Prime Minister Manmohan Singh is to attend the India-European Union (EU) summit in Helsinki on October 13.
For Finland, the visit by the Indian premier will be a double bonus since it has just taken over the presidency of the 25-member EU.
Work on the summit has started, with Indian and Finnish officials deliberating the agenda.
The meet will give added momentum to the burgeoning relations between India and EU that began during the last meeting in New Delhi.
Finnish Prime Minister Matti Vanhanen will co-chair the summit, the seventh in the series.
"We have already started preparing for the visit. India enjoys a very vibrant image in Scandinavian countries and its products and enterprise are highly valued," Indian ambassador Pradeep Singh said.
"We are looking forward to welcoming the Indian economist prime minister. There is a huge untapped potential in areas of trade and technology," said a senior Finnish official.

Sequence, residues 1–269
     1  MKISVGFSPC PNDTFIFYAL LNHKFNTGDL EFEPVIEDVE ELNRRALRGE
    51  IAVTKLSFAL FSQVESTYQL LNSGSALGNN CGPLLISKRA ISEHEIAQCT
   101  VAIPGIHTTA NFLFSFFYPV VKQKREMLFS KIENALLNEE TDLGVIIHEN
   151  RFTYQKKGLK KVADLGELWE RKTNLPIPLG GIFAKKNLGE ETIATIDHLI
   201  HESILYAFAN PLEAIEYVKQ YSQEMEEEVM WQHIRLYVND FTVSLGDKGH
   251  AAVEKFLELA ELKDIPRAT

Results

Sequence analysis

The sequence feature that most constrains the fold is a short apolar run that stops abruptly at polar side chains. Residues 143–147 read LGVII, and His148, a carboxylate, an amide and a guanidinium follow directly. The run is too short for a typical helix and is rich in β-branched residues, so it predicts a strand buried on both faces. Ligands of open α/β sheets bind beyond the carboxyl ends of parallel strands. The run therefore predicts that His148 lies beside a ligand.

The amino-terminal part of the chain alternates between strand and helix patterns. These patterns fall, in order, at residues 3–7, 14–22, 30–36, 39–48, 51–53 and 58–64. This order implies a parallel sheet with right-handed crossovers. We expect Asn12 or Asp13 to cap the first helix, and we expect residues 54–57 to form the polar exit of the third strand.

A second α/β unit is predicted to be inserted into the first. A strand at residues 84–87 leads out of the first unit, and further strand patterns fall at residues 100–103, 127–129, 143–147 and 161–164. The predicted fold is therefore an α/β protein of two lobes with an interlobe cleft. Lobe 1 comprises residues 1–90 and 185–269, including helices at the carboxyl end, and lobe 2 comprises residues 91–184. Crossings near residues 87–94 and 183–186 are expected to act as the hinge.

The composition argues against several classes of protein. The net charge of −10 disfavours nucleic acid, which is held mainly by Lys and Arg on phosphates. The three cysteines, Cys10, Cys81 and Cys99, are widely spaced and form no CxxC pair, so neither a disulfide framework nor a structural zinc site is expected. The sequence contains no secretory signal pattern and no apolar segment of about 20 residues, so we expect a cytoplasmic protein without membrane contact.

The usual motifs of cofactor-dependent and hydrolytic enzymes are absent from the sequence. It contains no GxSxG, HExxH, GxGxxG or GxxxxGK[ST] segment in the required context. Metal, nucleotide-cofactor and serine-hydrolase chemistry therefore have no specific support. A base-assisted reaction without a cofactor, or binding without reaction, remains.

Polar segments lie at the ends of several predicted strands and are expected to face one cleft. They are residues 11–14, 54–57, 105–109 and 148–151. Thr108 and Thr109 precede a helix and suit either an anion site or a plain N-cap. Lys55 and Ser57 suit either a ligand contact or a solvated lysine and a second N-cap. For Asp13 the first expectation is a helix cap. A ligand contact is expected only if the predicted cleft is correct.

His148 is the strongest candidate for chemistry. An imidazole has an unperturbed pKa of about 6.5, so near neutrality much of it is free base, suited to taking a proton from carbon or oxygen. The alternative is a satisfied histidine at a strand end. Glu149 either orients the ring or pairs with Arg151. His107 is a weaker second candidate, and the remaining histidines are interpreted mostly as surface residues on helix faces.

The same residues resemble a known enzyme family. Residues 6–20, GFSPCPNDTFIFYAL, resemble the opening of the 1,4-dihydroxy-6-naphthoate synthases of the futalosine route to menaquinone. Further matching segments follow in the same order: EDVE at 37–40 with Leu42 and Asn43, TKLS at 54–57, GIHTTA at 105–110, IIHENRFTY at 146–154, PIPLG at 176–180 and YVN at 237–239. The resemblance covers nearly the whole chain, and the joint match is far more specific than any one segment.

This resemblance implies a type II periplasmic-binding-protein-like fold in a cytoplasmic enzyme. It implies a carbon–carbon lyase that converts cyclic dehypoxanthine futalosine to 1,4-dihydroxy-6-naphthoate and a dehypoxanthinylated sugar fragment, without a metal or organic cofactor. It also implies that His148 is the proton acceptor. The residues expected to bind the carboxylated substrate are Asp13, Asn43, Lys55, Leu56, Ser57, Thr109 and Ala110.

During his three-day visit to Finland, Manmohan Singh is likely to be accompanied by Commerce and Industry Minister Kamal Nath, Science and Technology Minister Kapil Sibal and key officials from different ministries.
Manmohan Singh is known widely in this part of the world as the man who ushered in economic liberalisation in India in 1991.
There is also a likelihood of bilateral discussions between Singh and Vanhanen on October 14 that will address issues of accelerated trade and technological ties between the two countries, a senior Indian diplomat told IANS.
During his maiden press conference as chair of EU presidency on July 1, Vanhanen spoke about "deepening cooperation between India and the EU in the coming days".
Responding to a question from a group of Indian journalists, he said EU was yet to take a position on whether it would support Shashi Tharoor, India's candidate for the post of UN Secretary General. "The EU has to coordinate its position... I don't know the details."
He, however, admitted that it was the turn of Asian countries to have their nominee as Secretary General. "The candidate ought to be very good," he added.